Yellow Dog Paperback – 27 May 2004
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"Martin Amis at his best... Wonderful... Extravagantly funny" (Guardian)
"As clever and convincing as ever" (Sunday Telegraph)
"[There] are moments of magical vigilance and great emotional delicacy, intimations of a quite different kind of writer that Amis could be, or would be, perhaps, were it not for the demands of his devastating comic gift" (Guardian)
"Mind tinglingly good... He seems to have guessed what you thought about the world, and then expressed it far better than you ever could... Here is a novel to silence the doubters...Amis has found a subject to match the tessellated polish of his style" (Observer)
"'Lucid... Daring... A blissful antidote to the arrhythmic stylelessness of so much contemporary fiction" (Time Out)
'As funny as Dead Babies, as blackly portentous as London Fields and as satirically on-the-nail as Money' Mail on SundaySee all Product Description
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Top Customer Reviews
The themes and characters are familiar Amis tropes - low life crooks, the upper classes, pornography, and the "category-error" of rampant male violence. But "Yellow Dog" does see Amis branching out in the form to an extent not seen since 1991's "Time's Arrow". While the prose is versatile, endlessly inventive and cuttingly precise, Amis opts here for a fragmented form, stuttering and abrupt, that brilliantly reflects his central concerns. This is very much a 21st century novel, and it is permeated with a feeling of discontinuity and dull paranoia. It is also, as we have come to expect, very, very funny.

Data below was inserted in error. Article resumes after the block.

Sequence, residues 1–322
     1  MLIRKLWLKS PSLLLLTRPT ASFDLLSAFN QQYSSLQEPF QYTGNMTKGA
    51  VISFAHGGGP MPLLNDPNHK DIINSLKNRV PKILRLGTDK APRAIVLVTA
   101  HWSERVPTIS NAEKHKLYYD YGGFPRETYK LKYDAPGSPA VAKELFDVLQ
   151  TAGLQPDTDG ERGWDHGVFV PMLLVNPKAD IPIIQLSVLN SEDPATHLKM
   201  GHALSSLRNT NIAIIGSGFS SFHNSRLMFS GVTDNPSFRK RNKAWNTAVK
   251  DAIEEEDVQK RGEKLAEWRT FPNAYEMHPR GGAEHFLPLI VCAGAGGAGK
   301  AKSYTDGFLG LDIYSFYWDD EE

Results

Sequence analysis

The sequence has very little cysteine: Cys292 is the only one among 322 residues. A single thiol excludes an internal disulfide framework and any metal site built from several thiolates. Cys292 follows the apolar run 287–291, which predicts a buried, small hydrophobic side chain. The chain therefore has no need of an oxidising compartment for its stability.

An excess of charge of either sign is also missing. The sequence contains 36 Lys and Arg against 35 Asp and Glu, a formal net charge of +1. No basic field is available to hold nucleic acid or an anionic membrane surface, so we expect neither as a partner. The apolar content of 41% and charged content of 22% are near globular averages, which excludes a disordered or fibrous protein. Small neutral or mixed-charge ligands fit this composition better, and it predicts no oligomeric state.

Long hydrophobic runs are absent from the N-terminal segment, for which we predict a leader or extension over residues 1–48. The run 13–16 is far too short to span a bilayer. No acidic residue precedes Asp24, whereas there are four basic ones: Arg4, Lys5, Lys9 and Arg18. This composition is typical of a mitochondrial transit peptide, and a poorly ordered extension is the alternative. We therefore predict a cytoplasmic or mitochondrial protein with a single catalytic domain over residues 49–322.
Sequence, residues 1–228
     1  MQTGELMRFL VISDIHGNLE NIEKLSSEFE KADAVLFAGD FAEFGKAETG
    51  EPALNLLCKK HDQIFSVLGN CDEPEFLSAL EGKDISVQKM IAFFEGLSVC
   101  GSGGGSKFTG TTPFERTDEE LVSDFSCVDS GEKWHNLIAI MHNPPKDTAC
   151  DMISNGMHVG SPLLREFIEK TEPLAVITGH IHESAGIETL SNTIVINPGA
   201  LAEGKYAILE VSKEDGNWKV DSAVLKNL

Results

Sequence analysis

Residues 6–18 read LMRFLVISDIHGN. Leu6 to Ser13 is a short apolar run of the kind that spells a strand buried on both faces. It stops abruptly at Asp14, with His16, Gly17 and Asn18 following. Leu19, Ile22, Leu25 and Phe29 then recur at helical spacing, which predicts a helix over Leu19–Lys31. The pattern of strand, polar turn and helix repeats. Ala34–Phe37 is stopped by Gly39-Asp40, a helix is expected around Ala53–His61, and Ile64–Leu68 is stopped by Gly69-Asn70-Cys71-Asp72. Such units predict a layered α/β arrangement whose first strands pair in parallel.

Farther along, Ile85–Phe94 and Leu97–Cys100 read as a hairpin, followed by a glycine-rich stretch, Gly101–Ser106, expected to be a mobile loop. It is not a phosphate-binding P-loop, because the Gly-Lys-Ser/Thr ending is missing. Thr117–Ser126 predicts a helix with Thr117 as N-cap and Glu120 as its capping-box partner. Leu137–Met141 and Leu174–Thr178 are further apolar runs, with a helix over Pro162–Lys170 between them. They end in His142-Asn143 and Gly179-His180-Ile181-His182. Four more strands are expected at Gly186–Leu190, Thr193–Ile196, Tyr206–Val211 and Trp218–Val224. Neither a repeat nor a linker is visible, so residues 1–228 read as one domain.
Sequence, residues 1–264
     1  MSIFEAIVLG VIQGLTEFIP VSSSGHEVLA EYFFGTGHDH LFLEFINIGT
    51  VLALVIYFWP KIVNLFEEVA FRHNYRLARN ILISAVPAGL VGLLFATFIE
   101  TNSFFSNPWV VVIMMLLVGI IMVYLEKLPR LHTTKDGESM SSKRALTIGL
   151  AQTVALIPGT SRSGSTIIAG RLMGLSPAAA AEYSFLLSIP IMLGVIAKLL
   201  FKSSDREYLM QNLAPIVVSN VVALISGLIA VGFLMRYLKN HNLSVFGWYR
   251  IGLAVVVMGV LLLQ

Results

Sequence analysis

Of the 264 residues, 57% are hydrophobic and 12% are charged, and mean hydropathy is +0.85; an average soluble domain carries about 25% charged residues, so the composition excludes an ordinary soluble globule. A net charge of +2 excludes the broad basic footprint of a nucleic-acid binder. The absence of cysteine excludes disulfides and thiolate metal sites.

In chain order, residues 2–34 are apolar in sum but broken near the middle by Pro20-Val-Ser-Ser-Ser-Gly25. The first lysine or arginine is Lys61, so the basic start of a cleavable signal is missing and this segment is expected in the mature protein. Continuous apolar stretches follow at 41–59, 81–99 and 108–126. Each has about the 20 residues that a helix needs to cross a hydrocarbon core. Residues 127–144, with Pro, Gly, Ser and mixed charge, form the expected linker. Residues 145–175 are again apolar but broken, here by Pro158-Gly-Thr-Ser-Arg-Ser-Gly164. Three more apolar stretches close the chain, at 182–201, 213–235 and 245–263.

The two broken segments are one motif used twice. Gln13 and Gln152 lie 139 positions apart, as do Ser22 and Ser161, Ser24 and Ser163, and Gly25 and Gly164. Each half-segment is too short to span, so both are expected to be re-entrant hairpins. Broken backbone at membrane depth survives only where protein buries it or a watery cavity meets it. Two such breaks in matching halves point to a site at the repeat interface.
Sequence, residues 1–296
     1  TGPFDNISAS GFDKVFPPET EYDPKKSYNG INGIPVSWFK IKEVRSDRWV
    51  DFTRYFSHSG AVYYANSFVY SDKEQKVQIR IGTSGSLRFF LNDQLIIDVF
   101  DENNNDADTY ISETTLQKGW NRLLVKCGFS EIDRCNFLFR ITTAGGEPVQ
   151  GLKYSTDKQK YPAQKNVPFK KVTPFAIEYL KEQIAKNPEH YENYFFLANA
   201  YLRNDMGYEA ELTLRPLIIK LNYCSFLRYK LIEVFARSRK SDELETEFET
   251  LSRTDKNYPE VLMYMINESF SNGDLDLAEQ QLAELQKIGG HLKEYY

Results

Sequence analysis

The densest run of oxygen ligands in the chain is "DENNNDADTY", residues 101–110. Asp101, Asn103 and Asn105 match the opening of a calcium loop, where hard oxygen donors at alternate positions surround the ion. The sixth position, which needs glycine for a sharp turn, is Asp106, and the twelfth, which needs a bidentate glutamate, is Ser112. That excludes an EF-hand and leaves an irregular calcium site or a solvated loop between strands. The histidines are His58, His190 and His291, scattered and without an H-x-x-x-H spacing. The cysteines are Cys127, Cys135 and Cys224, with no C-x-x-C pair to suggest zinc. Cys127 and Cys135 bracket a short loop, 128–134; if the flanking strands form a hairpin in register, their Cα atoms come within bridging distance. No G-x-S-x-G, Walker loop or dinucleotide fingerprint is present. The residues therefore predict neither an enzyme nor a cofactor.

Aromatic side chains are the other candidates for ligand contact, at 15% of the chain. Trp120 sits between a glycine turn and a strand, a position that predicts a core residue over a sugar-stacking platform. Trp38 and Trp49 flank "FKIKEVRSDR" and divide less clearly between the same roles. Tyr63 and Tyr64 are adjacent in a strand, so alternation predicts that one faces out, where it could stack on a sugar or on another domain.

Occasionally this style doesn't quite pull together, and the ending (as is usual for an Amis book) isn't quite satisfactory, but there is no one else in the country who is producing literature as edgy and stylised as this. Amis is a modern master, and "Yellow Dog", while not being the best introduction for new readers, is absolutely essential for anyone who wants an early reading of what this century is going to be like. And in an unusual twist for the Amis canon, the book does attempt a redemptive conclusion. Perhaps Amis' dark and cynical imagination is beginning to move out into the light.
First off this is Martin Amis, so it must be judged by a different standard. Amis is one of the few writers who I will seek out and often read twice.
I've listened to 'Money' on Audible at least a dozen times. It is sublime.
Everything that could be said about 'Yellow Dog' has been said already by other reviewers. I especially like the Salvador Dali ditty.
Specifically re. Yellow Dog: the royal family strand to the novel does not sit well with gangster/porno vibe and the airplane crash is just plain (Amisesque homophonic quip there) incongruous - although I do appreciate the metaphor about male violence persisting beyond the grave.
Likewise... what is the relevance of the looming comet strand doing in this novel?
One frustrating Amis trait is his tendency to be abstract. While this keeps you guessing it can be downright confusing. Yellow Dog is full of examples: the eventual plane crash - what happened to the passengers? The blinding of Clint Smoker and his car crash - we can only guess what happened? We know the outcome, but not the exact events. Maybe I'm reading too fast!
Amis is always entertaining and that's surely the point. A novel is about entertainment. Amis is very entertaining.